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Allagash River

From Wikipedia, the free encyclopedia

Allagash River
Location of mouth
CountryUnited States
RegionNew England
Physical characteristics
SourceChurchill Lake
 • coordinates46°29′33″N 69°17′17″W / 46.49250°N 69.28806°W / 46.49250; -69.28806
 • elevation930 ft (280 m)
MouthSaint John River
 • coordinates
47°05′08″N 69°02′40″W / 47.08556°N 69.04444°W / 47.08556; -69.04444
 • elevation
591 ft (180 m)
Length65 mi (105 km)
Basin size1,479 sq mi (3,830 km2)
 • locationriver mile 3, near Allagash, ME
 • average1,967 cu ft/s (55.7 m3/s)
 • minimum87 cu ft/s (2.5 m3/s)
 • maximum40,900 cu ft/s (1,160 m3/s)
DesignatedJuly 19, 1970
Part ofAllagash Wilderness Waterway

The Allagash River is a tributary of the Saint John River, approximately 65 miles (105 km) long,[1] in northern Maine in the United States. It drains in a remote and scenic area of wilderness in the Maine North Woods north of Mount Katahdin. The name "Allagash" comes from the Abenaki language, a dialect of the Algonquin languages, spoken by the Penobscot Tribe.[2][3] The word, /walakéskʸihtəkʸ/, means "bark stream".[4]

The Allagash issues from Churchill Lake (formerly known as Heron Lake) at Churchill Depot in northern Piscataquis County. In its natural state, it also drained Allagash, Chamberlain, and Telos lakes, but in the 1840s dams were built which diverted their drainage into the East Branch of the Penobscot River, to facilitate the shipping of logs south to coastal Maine.[5][6] Lock Dam drains some water from Chamberlain Lake into the south end of Eagle Lake, which then flows out through the Allagash as it naturally would.[7] Extending the flowline of the Allagash River to Lock Dam on Chamberlain Lake gives a total length to the mouth of the Allagash at the Saint John River of 86 miles (138 km).[1]

The Allagash flows generally northeast, passing through a chain of natural mountain lakes. It joins the Saint John from the south at Allagash, Maine, near the international border with New Brunswick. The relatively unspoiled nature of the river has long made it a popular destination for canoe trips. In 1857 Henry David Thoreau, along with his Concord friend Edward S. Hoar and Penobscot guide Joseph Polis, made a canoe journey which led him to the source of the river, i.e. Heron Lake. His account of the excursion called "The Allegash and East Branch" was published posthumously as the third chapter of The Maine Woods (1864).[8][9]

Allagash Falls

In 1966, the citizens of Maine voted to protect the river by authorizing a $1.5 million bond that would "develop the maximum wilderness character" of the river. Much of the river was subsequently designated as the Allagash Wilderness Waterway. In 1970 the waterway became part of the National Wild and Scenic River program of the U.S. federal government. Although the wild designation of the river is normally applied to free-flowing streams, the designation left in place the wooden Churchill Dam for historic reasons. In the 1990s, with the dam failing, the citizens of Maine authorized a concrete replacement for the dam to preserve the nearby recreational facilities on the river. The rebuilding of the dam was highly criticized by environmentalists. The expansion of recreational access to the river through new roads and docks has remained a controversial topic in recent years.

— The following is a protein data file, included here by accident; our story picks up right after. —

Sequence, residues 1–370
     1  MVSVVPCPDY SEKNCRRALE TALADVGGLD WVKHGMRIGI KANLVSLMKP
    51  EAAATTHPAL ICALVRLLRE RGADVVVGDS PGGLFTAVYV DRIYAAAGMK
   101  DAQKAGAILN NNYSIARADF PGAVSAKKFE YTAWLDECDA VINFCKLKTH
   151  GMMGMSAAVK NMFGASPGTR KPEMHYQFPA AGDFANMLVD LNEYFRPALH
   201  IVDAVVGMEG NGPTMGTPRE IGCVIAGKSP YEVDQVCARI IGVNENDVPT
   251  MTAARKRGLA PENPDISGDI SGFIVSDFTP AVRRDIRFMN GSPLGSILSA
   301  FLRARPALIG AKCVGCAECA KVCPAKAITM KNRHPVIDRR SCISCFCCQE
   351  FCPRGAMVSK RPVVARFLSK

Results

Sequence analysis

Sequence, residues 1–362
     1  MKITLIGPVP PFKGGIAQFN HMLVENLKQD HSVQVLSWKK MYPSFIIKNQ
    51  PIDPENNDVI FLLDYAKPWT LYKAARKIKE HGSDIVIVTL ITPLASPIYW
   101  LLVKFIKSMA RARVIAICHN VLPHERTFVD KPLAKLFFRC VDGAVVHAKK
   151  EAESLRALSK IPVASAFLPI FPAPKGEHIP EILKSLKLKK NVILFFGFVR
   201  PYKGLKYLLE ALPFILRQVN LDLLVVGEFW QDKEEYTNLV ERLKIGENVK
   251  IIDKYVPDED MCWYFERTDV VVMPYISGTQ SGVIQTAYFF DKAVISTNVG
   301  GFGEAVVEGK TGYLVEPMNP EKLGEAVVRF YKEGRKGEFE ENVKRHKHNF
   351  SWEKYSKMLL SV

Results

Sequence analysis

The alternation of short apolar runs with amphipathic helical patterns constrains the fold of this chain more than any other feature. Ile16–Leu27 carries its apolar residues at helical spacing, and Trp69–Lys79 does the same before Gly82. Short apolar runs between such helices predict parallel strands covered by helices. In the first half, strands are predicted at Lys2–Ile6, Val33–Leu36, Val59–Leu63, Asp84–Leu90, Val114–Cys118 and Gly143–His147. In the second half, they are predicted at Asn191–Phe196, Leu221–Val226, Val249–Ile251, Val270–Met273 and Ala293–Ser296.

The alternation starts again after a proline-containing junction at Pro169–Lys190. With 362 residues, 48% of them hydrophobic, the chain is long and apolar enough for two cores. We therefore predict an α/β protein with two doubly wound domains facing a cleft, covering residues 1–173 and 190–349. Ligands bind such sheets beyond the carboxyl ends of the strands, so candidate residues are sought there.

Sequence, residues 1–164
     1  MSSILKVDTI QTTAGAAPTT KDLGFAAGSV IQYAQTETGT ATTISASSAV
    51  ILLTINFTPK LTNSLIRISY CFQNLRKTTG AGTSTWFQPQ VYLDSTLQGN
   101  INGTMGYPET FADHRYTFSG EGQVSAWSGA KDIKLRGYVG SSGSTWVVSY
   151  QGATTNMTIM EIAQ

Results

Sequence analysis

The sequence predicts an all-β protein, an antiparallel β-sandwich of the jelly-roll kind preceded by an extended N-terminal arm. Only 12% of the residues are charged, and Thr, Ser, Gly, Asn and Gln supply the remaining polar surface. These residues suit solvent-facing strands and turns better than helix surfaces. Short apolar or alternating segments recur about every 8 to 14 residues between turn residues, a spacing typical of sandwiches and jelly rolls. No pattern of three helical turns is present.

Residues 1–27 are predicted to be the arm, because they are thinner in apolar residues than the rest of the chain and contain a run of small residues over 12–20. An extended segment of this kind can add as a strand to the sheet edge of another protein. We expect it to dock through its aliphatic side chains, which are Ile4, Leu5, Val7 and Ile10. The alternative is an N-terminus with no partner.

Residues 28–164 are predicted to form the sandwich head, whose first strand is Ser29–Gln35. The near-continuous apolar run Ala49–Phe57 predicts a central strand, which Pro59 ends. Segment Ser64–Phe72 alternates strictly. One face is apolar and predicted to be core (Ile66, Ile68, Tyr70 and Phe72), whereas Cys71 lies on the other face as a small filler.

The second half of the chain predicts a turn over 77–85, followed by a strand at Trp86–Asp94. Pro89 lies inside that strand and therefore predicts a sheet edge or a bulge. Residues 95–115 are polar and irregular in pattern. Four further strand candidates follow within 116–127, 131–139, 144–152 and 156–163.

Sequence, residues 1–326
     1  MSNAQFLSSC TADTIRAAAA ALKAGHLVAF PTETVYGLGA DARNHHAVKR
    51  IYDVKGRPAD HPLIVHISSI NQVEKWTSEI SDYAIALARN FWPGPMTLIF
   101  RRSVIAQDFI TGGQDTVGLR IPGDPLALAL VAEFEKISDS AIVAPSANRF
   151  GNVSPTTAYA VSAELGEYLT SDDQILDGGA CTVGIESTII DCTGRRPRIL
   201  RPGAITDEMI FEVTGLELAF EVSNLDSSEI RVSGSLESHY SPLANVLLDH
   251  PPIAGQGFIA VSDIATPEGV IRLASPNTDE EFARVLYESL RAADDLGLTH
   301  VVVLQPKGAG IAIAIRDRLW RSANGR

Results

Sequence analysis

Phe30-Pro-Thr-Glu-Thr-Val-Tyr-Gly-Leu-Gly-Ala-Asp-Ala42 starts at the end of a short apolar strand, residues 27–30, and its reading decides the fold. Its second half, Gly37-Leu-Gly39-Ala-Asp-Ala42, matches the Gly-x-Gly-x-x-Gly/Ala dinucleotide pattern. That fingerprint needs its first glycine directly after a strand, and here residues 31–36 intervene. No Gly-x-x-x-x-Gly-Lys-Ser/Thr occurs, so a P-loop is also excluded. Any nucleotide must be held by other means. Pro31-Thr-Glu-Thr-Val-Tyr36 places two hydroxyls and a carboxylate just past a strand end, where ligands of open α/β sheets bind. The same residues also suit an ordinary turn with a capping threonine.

Development in much of the area surrounding the Allagash Wilderness Waterway is restricted by the Seven Islands Land Company, a private land management company that owns approximately 1 million acres (4,000 km2) of forest in northern Maine.

The United States government maintains one stream gauge on the Allagash, located 3 miles (4.8 km) above the river's mouth near Allagash, Maine (47°04′14″N 69°04′51″W / 47.07056°N 69.08083°W / 47.07056; -69.08083 (Allagash, Maine)), at which point the watershed is 1,479 square miles (3,830 km2). The river's discharge (flow) at this gauge averages 1,967 cubic feet per second (55.7 m3/s), with a recorded maximum of 40,900 cubic feet per second (1,160 m3/s) and minimum of 87 cubic feet per second (2.5 m3/s).[10] Annual maximum flows occur during the spring snow melt and minimums in the fall.[11]

YouTube Encyclopedic

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    2 153
    1 890
  • Chase Rapids, Allagash River
  • Making Donuts on the Allagash Wilderness Waterway



  1. ^ a b U.S. Geological Survey. National Hydrography Dataset high-resolution flowline data. The National Map Archived 2012-03-29 at the Wayback Machine, accessed June 22, 2011
  2. ^ [URL]
  3. ^ [URL]
  4. ^ Bright, William (2004). Native American placenames of the United States. University of Oklahoma Press. p. 32. ISBN 978-0-8061-3598-4. Retrieved 14 April 2011.
  5. ^ "Telos Dam and Cut (Canal)". Department of Conservation, State of Maine. 2004. Retrieved 2009-05-14.
  6. ^ Megan Saunders (May 9, 2008). "History [of Churchill Dam]". Colby College. Archived from the original on 2011-10-04. Retrieved 2009-05-14.
  7. ^ "Eagle Lake - Maine". Northern New England Touring Kayaker. 2009. Retrieved 2010-10-30.[permanent dead link]
  8. ^ Thoreau, Henry D. (1864). The Maine Woods. Boston: Ticknor and Fields.
  9. ^ Huber, J. Parker (2008). The Wildest Country: Exploring Thoreau's Maine. Boston: Appalachian Mountain Club Books. p. 57. ISBN 978-1-934028-09-4.
  10. ^ "Water resources data for the United States, Water Year 2010; gage 01011000, Allagash River near Allagash, ME" (PDF). USGS. Retrieved 14 April 2011.
  11. ^ G.J. Stewart; J.P. Nielsen; J.M. Caldwell; A.R. Cloutier (2002). "Water Resources Data - Maine, Water Year 2001" (PDF). Water Resources Data - Maine, Water Year 2001. Archived from the original (PDF) on 2005-11-18. Retrieved 2006-05-07.

External links

This page was last edited on 12 April 2024, at 08:25
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